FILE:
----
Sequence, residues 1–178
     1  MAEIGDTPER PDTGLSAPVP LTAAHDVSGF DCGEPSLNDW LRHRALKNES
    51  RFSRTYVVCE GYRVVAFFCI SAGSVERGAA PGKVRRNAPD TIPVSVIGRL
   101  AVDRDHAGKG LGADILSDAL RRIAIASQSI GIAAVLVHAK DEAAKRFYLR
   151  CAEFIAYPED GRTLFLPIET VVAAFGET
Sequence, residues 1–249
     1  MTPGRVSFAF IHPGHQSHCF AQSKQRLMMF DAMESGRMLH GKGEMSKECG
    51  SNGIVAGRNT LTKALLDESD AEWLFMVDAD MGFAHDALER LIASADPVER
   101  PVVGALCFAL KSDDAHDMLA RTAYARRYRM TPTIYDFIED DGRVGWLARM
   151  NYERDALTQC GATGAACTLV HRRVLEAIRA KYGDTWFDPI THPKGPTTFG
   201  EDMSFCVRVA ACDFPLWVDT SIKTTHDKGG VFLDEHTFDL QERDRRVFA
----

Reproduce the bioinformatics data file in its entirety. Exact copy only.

Sequence, residues 1–178
     1  MAEIGDTPER PDTGLSAPVP LTAAHDVSGF DCGEPSLNDW LRHRALKNES
    51  RFSRTYVVCE GYRVVAFFCI SAGSVERGAA PGKVRRNAPD TIPVSVIGRL
   101  AVDRDHAGKG LGADILSDAL RRIAIASQSI GIAAVLVHAK DEAAKRFYLR
   151  CAEFIAYPED GRTLFLPIET VVAAFGET
Sequence, residues 1–249
     1  MTPGRVSFAF IHPGHQSHCF AQSKQRLMMF DAMESGRMLH GKGEMSKECG
    51  SNGIVAGRNT LTKALLDESD AEWLFMVDAD MGFAHDALER LIASADPVER
   101  PVVGALCFAL KSDDAHDMLA RTAYARRYRM TPTIYDFIED DGRVGWLARM
   151  NYERDALTQC GATGAACTLV HRRVLEAIRA KYGDTWFDPI THPKGPTTFG
   201  EDMSFCVRVA ACDFPLWVDT SIKTTHDKGG VFLDEHTFDL QERDRRVFA